The Annapolis Valley is home to a number of National Historic Sites – Fort Anne (G) and Port Royal (H) in Annapolis Royal, Grand Pré (B) near Wolfville and Fort Edward (A) in Windsor. Annapolis Royal itself is also steeped in history, with over 120 heritage buildings and worth the detour from the Wolfville area on longer road trips.
Total distance: 200km
Where to stay: Micro Boutique Living in the heart of downtown Wolfville
Where to eat: The Noodle Guy in Port Williams, Crush Pad Bistro at Lucketts Vineyards
Detours and extensions: Take a trip to Burncoat Head Park to walk on the oven floor and see red ‘flowerpot rocks.’ Or for a bit of excitement, consider a tidal bore rafting adventure
Digby Neck and Beyond – 4 days
If you’re looking for a nature-focused off the beaten path adventure in Nova Scotia, this may be the one!
Digby Neck is a 30km long peninsula extending into the Bay of Fundy from the town of Digby (A) itself. Long Island (B) and tiny Brier Island (C) are found at the end, accessible by short vehicle ferries. Natural beauty is the main draw here, with the ocean never being far away.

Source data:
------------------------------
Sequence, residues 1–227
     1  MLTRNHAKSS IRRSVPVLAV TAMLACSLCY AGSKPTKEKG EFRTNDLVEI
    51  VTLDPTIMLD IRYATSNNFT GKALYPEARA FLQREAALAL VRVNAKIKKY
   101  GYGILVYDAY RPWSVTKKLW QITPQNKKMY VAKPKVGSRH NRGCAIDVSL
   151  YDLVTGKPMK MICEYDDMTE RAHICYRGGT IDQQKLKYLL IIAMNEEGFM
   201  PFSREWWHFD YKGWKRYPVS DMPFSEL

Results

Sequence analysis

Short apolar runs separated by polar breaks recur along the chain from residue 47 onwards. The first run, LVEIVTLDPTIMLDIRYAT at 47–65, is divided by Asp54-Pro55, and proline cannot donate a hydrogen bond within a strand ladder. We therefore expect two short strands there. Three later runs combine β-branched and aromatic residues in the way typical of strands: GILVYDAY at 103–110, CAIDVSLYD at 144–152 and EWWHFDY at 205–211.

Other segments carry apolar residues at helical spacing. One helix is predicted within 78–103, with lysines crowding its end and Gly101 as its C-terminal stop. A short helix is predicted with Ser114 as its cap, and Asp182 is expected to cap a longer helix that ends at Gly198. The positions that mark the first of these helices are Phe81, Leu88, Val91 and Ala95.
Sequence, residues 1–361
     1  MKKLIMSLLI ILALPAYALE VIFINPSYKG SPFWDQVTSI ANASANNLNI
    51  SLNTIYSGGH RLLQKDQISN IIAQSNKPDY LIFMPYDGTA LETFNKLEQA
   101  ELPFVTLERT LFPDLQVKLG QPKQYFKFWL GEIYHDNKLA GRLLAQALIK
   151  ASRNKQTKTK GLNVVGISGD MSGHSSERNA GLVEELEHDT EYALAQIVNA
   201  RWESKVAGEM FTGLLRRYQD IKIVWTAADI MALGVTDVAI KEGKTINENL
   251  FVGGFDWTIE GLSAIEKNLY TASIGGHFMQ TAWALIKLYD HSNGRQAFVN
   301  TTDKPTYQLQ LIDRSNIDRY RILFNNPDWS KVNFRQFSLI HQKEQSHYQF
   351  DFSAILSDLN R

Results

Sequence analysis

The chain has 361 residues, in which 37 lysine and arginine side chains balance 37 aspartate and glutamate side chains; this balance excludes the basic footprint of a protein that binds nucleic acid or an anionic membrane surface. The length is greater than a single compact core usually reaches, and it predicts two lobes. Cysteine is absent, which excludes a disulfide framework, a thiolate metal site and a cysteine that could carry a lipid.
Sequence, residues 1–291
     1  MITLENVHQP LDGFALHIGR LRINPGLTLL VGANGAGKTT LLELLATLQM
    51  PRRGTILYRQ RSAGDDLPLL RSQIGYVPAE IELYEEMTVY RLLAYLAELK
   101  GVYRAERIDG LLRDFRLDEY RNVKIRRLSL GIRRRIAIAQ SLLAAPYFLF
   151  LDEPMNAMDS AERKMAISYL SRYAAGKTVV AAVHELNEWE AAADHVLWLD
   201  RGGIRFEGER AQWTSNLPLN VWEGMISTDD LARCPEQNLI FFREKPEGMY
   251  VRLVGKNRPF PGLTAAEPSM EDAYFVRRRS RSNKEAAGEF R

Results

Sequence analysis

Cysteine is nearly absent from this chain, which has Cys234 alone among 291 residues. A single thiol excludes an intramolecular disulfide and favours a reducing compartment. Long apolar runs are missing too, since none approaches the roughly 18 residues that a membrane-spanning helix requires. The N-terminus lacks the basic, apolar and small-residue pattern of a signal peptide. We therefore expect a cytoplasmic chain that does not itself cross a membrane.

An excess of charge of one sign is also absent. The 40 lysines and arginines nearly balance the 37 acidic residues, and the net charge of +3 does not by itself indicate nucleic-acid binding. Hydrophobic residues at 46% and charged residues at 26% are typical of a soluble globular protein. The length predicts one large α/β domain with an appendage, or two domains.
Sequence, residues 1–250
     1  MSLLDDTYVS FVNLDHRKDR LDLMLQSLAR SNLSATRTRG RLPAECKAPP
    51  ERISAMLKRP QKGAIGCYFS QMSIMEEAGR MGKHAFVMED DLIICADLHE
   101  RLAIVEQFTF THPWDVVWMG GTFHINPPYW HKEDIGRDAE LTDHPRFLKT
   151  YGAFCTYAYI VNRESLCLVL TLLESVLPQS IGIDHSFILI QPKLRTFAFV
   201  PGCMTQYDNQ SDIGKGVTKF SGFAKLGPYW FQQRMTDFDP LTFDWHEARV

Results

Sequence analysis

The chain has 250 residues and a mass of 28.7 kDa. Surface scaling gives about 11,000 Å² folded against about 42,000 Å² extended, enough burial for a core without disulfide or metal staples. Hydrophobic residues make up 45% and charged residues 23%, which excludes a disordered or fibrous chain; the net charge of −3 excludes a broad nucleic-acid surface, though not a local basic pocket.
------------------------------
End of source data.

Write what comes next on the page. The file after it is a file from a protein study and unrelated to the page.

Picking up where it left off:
Whale watching is a must do activity, with humpbacks commonly seen nearby (just one of twelve species visiting the Bay of Fundy!) If you prefer wildlife spotting on land, this area is a popular migration spot for birds.
As well as sharing a wonderfully laid back vibe, Long Island and Brier Island both have excellent hiking trails and coastlines featuring beautiful basalt columns (the best example being Balancing Rock).
Back on the mainland, make a short detour up to Annapolis Royal (D). In addition to a number of notable National Historic Sites, this distinguished town has over 120 heritage buildings (and a great brewery). Be sure to also drop into Bear River (E). This tidal village on stilts is as characterful as it is small.
Outdoor adventure awaits in Kejimkujik National Park (F), where you can camp under Nova Scotia’s darkest skies, paddle an intricate lake system and hike to beautiful waterfalls. It’s also possible to connect with Mi’kmaw culture, with canoe building demonstrations.